"It is foolish to assume that Sony is simply going to drop the PSP brand entirely; while the DS may well have much of the handheld market stitched up worldwide, the PSP still has a strong legion of fans and solid brand recognition in the marketplace"

Let's begin: Is it foolish to think that Sony will drop the PSP brand entirely? Faithful readers of this blog already know how I feel about the Playstation 4, so I won't go too deep into this part of it: Let's examine the reasons why Sony may want to keep the PSP brand instead.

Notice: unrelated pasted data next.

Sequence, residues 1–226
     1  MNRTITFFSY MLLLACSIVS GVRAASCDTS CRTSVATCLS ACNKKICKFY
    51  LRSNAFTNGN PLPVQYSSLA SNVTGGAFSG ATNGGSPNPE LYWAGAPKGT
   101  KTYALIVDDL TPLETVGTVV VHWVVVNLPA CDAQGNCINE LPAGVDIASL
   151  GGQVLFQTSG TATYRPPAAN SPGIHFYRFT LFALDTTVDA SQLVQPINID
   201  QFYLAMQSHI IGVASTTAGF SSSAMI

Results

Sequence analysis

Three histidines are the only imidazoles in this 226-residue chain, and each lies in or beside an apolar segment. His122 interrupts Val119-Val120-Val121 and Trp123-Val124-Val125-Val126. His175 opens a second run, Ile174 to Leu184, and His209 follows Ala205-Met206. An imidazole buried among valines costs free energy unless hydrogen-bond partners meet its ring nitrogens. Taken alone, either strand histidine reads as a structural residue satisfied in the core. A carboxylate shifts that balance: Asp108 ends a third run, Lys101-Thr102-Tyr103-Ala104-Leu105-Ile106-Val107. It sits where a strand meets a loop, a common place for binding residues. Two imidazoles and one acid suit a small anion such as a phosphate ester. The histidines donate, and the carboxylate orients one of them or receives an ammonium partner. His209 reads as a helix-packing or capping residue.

Actually... Let's not. The PSP brand is very heavily tarnished, and is considered by some to be a blemish on the Sony and Playstation names. This is why it is always referred to as "The PSP", and not "Playstation Portable" or "Sony Playstation Portable". It is rarely even called "The Sony PSP" anymore, and this is a deliberate attempt to separate it from the rest of Sony's products, including the Playstation brand. To be clear: Sony's first entry into the handheld market was somewhat of a success-- They succeeded where many have failed before them which was to even begin to compete with Nintendo in the handheld market. That said, the PSP has also been a failure in many regards: